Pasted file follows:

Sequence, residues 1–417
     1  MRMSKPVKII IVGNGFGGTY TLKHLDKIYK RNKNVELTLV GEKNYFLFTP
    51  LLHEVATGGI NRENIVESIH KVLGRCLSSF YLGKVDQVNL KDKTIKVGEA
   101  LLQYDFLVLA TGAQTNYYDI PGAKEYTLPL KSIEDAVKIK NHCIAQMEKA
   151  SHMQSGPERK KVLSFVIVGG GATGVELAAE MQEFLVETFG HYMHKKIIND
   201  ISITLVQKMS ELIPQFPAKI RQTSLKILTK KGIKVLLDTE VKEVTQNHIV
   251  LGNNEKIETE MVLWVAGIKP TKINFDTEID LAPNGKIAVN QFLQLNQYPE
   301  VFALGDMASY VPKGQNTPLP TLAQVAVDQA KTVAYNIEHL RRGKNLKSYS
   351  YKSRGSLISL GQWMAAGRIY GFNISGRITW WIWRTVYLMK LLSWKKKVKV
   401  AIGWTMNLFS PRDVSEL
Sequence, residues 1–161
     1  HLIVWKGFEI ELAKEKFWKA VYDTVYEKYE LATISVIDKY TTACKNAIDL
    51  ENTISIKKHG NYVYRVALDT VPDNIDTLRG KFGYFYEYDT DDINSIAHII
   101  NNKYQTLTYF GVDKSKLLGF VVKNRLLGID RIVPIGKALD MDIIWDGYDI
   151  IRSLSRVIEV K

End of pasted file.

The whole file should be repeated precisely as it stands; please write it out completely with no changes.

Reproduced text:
Sequence, residues 1–417
     1  MRMSKPVKII IVGNGFGGTY TLKHLDKIYK RNKNVELTLV GEKNYFLFTP
    51  LLHEVATGGI NRENIVESIH KVLGRCLSSF YLGKVDQVNL KDKTIKVGEA
   101  LLQYDFLVLA TGAQTNYYDI PGAKEYTLPL KSIEDAVKIK NHCIAQMEKA
   151  SHMQSGPERK KVLSFVIVGG GATGVELAAE MQEFLVETFG HYMHKKIIND
   201  ISITLVQKMS ELIPQFPAKI RQTSLKILTK KGIKVLLDTE VKEVTQNHIV
   251  LGNNEKIETE MVLWVAGIKP TKINFDTEID LAPNGKIAVN QFLQLNQYPE
   301  VFALGDMASY VPKGQNTPLP TLAQVAVDQA KTVAYNIEHL RRGKNLKSYS
   351  YKSRGSLISL GQWMAAGRIY GFNISGRITW WIWRTVYLMK LLSWKKKVKV
   401  AIGWTMNLFS PRDVSEL
Sequence, residues 1–161
     1  HLIVWKGFEI ELAKEKFWKA VYDTVYEKYE LATISVIDKY TTACKNAIDL
    51  ENTISIKKHG NYVYRVALDT VPDNIDTLRG KFGYFYEYDT DDINSIAHII
   101  NNKYQTLTYF GVDKSKLLGF VVKNRLLGID RIVPIGKALD MDIIWDGYDI
   151  IRSLSRVIEV K